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Buying Checks and Simple Binocular Adjustments.


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This is a short intro to buying checks and minor adjustments on older Swift Tecnar Binoculars but the methods may be useful with other brands and models.

Buying used and minor repairs can save you lots of money and you have the satisfaction of bringing an optical item back into use,

Don't attempt unless

  • you are used to using small hand tools,
  • reasonably mechanically minded,
  • not bothered if it all goes wrong and you are left with a pile of bits !

When buying second-hand from flea markets / car boots never impulse buy.

  • Always take your time and although it may sound obvious look through the binoculars plenty.
  • Carry with you a good quality cleaning cloth and if possible a small torch to shine into the eyepieces and check for internal problems by viewing into the objective lenses.

I bought these with their original leather case on my local car boot market.

Initial torch checks showed no internal damage , no signs of fungus / haze.

Mechanical checks showed no external damage and everything to work as it should, nice and smoothly with no play or tightness in any mechanisms.

Optical checks showed the focus to be fine with both eyes but a slight misalignment with the right image slightly higher than the left.

With the binoculars held at arms length I then checked that the exit pupils were round and reasonably central

This ensures the optical path is parallel on both sides and that the prisms are more or less correct.

If the exit pupils are cats eye shaped or way off centre there could be several faults ranging from a twisted pivot to misaligned objective lenses and badly aligned prisms.

Unless you are competent in repairs I would advise not buying them.

If you are not 100% sure they are in good order or can be easily renovated just walk away,

Cleaning the internals of binoculars is much more involved than a reflector or refractor scope and can be very time consuming.

There are 1000's of good second-hand pairs out there with a few web-sites for sales of used binoculars.

QUICKTEST Secondhand Binoculars

The exit pupils looking in good shape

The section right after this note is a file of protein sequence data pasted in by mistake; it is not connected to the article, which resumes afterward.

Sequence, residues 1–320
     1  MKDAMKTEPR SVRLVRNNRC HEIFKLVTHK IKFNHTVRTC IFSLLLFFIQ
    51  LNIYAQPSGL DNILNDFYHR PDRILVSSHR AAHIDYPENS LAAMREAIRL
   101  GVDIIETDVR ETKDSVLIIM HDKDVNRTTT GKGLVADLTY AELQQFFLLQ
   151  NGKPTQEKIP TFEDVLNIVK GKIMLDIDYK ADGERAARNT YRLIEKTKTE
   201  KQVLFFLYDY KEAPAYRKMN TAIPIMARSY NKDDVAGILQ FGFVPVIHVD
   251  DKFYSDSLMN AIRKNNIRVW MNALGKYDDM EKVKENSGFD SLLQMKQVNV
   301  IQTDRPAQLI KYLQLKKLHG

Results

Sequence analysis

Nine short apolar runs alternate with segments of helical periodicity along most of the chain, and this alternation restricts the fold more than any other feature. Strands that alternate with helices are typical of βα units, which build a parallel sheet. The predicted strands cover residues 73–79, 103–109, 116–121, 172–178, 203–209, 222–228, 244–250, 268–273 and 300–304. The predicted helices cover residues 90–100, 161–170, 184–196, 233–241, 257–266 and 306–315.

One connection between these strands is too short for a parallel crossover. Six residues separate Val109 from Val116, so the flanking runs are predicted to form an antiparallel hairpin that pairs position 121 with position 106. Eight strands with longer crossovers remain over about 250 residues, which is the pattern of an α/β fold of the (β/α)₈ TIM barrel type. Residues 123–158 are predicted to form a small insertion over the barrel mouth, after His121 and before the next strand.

Swift000.jpg

A few simple screwdrivers and one of my trusty Leatherman's

Swift001.jpg

Turn the cental focussing thumb wheel anti-clockwise

and whilst doing this pull upwards until the eyepieces and bridge units pull out.

Swift002.jpg

The guides for the eyepieces can be screwed out and the end covers removed by taking out their small retaining screws.

Swift003.jpg

Like so

Swift004.jpg

After removing both covers screw back in the eyepiece guides and refit the eyepieces by simply screwing

the pivot / focus screw back in.

Swift006.jpg

Now comes the fun bit and is achieved best if the binoculars are mounted on a tripod.

You now need a target , I use a rather convenient extractor fan cover on a neighbours wall approx 30 metres away that has concentric circles on it.

A circle is best as it seems easiest to adjust against.

Once focussed you can start the adjustments.

First check that all the locking screws and prism securing screws are tight.

It is no use doing any adjustments if any part of the assembly is loose.

With this model of binoculars there are 3 recessed adjustment screws (red) and 3 locking screws (black)

As I only need a slight adjustment I only needed to adjust the right prism.

Why right ? not easy to explain but when looking through the bins it seemed to me that the right one was out of adjustment.

It is just something that comes with looking through and adjusting lots of bins.

Next part is difficult to explain and has a thousand variations.

I always back off all the locking screws a quarter turn and then only move 1 adjustment screw a quarter turn then tighten up the locking screws again.

Check the view and see whether the image has moved away / converged / gone left / gone right or not moved !

You will soon get a feel for which adjustment screw does what to the image.

But remember no more than a quarter turn on one adjustment screw at a time or you will get in a right pickle.

As my old boss used to say 'little and often lad , little and often'

Swift007.jpg

To give you an idea of time , it has taken me twice as long to type this as it did to adjust the binoculars.

Once happy with the images on your target remove the eyepieces and guides , refit the covers and then the eyepieces.

Unless the prism faces are very dusty or smeared I always resist cleaning them as this can make the situation worse unless you use the right materials and cleaners.

Be careful not to get the grease from inside the eyepiece guides and cental focussing screw on your hands or on the bins.

If you have found this useful I will do some more as and when I buy more binoculars.

Paul

Edited by Polar Bear
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Hi Paul, thanks for that info. I'm going to try this with some Zeiss 8 x 30s that

I inherited from my Dad. He must have dropped them at some time as they are

definitely out of collimation.

I knew that the popular 15 x 70 bins have external collimation screws ( under the

rubber skin ) but didn't know about internal screws on other bins. I've got

nothing to lose, they have been lurking in a cupboard for several years.

Thanks, Ed.

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